Eighteenth Sunday in Ordinary Time (C)
Wall Street 2: Money never Sleeps, directed by Oliver Stone, with Michael Douglas as Gordon Gekko, a movie released theatrically in September 2010, was a sequel of Wall Street produced in 1987, which proclaimed that greed is good. Wall Street 2 proclaimed that greed is not only good, but also legal (www.azfamily.com). Thus, what is done by the influential, the wealthy and the powerful seems to become the rule, and imitated by others; and when Wall Street crumbled financially, the economy crumbled, and upset the business world dramatically.
Generally, we would think that greed refers only to over indulgence in food and drink. But it also applies situations of opportunism, especially those that take advantage of others’ trust and weaknesses; and we know, that any transgression against the weak and the poor is a transgression against God, for God loves the poor and calls them blessed.
To Cain who killed his brother, Abel, God said: What have you done! Listen: your brother’s blood cries out to me from the soil! (Gen 4:10). Again in the Book of Genesis, God said, regarding the wickedness of Sodom and Gomorrah: The outcry against Sodom and Gomorrah is so great, and their sin so grave, that I must go down and see whether or not their actions fully correspond to the cry against them that comes to me (18:20-21). In the Book of Exodus we read: the Israelites groaned and cried out because of their slavery. As their cry for release went up to God, He heard their groaning and was mindful of his covenant with Abraham, Isaac and Jacob” (23-24). Moreover, Deuteronomy declares: You shall not defraud a poor and needy hired servant…. You shall pay him each day’s wages before sundown on the day itself, since he is poor and looks forward to them. Otherwise he will cry to the LORD against you, and you will be held guilty (24:14-15). St. James also proclaims: Behold, the wages you withheld from the workers who harvested your fields are crying aloud, and the cries of the harvesters have reached the ears of the Lord of hosts (Ja 5:4).
It is all because of greed to satisfy need to avenge for a hurt or need to fill up a recognized or unrecognized lack in personality, and greed to satisfy need for pleasure, need to accumulate property and need to garner recognition, fame and esteem in the family and among friends. So, greed is responsible for:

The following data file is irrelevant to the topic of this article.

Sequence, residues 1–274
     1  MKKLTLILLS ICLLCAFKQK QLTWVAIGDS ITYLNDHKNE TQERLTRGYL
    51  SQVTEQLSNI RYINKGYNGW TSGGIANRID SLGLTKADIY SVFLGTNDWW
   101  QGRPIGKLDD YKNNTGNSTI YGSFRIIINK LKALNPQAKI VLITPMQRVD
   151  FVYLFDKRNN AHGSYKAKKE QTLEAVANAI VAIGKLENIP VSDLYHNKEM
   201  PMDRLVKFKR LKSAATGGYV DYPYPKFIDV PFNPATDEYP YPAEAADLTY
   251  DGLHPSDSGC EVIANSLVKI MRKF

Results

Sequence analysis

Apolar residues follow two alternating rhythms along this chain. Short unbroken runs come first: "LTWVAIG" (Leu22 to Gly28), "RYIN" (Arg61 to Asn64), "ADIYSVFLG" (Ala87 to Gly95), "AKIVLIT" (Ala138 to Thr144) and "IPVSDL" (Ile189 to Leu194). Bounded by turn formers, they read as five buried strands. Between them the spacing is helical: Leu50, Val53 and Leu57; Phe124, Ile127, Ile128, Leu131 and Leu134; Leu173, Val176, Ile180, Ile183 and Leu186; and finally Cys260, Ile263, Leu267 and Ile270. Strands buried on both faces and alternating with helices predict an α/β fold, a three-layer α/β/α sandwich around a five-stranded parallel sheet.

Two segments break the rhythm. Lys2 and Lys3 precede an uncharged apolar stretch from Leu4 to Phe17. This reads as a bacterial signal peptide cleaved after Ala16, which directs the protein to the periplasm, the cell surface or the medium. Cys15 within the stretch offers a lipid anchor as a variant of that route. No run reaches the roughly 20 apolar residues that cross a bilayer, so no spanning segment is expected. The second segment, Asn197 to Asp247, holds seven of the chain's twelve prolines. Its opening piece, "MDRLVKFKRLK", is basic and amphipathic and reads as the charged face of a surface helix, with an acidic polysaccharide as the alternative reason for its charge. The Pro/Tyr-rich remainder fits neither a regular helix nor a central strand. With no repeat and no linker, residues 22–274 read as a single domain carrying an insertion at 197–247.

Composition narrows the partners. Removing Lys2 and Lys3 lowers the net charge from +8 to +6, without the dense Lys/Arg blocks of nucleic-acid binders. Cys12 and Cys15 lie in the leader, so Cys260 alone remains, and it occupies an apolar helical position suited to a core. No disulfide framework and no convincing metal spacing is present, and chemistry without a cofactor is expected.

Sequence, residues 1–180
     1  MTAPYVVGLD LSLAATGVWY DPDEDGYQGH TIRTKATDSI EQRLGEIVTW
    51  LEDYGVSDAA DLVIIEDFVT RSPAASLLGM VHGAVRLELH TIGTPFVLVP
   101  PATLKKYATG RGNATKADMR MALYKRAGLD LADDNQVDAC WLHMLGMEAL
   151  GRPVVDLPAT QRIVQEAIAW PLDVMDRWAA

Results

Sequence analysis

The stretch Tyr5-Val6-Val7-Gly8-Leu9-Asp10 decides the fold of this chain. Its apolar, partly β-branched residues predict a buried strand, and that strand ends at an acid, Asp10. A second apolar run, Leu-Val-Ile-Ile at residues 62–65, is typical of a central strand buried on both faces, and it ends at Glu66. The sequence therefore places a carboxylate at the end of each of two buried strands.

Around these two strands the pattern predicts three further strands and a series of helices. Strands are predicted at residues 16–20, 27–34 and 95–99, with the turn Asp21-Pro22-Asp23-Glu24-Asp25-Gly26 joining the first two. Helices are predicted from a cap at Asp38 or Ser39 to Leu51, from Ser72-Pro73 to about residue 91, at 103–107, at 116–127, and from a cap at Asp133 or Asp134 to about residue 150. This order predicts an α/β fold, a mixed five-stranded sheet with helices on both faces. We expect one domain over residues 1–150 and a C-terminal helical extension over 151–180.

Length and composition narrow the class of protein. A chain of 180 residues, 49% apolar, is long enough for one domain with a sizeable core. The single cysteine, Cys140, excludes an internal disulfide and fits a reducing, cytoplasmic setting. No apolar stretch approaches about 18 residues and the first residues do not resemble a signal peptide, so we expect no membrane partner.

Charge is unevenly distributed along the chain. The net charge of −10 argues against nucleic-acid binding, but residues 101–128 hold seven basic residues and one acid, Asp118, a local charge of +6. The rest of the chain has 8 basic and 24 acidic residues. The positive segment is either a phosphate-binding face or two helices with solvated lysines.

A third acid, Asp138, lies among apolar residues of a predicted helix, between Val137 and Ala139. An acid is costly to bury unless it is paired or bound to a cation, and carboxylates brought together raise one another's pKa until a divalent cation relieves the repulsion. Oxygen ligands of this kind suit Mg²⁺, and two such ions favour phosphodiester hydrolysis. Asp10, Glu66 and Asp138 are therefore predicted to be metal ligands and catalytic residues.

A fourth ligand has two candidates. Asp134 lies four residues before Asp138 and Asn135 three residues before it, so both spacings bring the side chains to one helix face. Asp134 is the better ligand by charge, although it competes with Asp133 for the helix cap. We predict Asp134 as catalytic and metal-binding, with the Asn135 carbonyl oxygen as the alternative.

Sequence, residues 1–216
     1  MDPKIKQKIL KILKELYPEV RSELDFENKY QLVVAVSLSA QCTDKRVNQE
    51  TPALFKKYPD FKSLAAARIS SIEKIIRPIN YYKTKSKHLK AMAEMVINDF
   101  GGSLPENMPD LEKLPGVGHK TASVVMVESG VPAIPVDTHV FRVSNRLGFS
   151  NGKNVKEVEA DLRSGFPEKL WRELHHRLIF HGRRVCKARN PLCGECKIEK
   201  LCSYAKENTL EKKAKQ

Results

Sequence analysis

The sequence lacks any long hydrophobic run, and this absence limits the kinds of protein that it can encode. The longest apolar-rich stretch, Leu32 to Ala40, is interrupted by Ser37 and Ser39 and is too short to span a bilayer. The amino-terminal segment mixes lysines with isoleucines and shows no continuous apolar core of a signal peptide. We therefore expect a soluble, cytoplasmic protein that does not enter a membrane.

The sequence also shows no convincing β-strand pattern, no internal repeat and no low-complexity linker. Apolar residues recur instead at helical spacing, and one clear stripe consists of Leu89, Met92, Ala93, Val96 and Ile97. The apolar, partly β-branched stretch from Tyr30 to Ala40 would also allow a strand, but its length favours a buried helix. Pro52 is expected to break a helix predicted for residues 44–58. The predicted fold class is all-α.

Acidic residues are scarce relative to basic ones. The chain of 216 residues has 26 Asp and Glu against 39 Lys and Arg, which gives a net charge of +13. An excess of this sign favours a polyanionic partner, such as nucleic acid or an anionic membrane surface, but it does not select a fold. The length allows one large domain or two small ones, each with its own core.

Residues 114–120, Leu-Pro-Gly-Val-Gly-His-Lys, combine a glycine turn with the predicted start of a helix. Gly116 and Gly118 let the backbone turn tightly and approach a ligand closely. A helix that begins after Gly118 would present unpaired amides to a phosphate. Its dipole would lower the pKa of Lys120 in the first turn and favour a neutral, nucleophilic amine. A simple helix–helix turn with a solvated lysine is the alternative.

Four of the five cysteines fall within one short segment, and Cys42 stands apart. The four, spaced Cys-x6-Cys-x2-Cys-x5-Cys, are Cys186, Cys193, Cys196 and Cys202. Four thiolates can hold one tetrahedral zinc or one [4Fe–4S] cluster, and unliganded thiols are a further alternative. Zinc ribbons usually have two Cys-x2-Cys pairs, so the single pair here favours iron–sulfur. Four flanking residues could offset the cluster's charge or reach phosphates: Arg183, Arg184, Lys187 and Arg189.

– the massacre and murder of people, break up of families and disorientation of the youth due to prohibited drug production and use;
– the innumerable medically and intentionally induced abortions;
– family disputes leading to murder of members due to conflicts regarding land and other properties;
– the unending production of weapons and prolongation of wars leading to annihilation of weaker groups, tribes and families, as well as subjugation of overpowered nations;
– sex trade and dubious recruitment for work leading to sexual abuse of women and children, as well as proliferation of pornographic materials;
– the abuse of natural resources for the profit of only a few;
– the arbitrary and premeditated clamp down of companies leading to dismissal of employees that broadens the problem of unemployment;
– the persecution, disregard and disrespect of the poor, and discrimination because of race, culture and religion;
– the use of force and abuse of authority concerning travelers’ rights and privileges in many borders and countries around the world;
– hunger and deaths due to extreme poverty in many parts of the world;
– the withholding of commodities meant for calamity victims in calamity-damaged areas; and many others.
We can also apply these situations to our families and work situations and reflect on the times when we uncontrollably lose our temper with others to the point of enjoyment, when we care less about taking more than we need at the expense of others, when we pride ourselves of our achievements and influence while stepping on the rights of others, when we work like a horse to earn more without consideration of the time we need to spend with our families. Yes, it is greed.
What can we do? 1) St. Paul exhorts us to “put to death immorality, impurity, passion, evil desire, and the greed that is idolatry (Col 3:5). 2) St. James tells us to be patient until the coming of the Lord and to make our hearts firm for the Judge is standing before the gates (5:7-10). 3) Join groups and crusades that rally against and do something to resolve problems caused by greed, and educate our own families in generosity and kindness, care for the environment and respect for others, especially the weaker members of the community. 4) Pray. Many problems in this world can only be solved by prayer, for God is the Master of all. When we pray, let us cooperate with the Holy Spirit to obey His Will and glorify His name.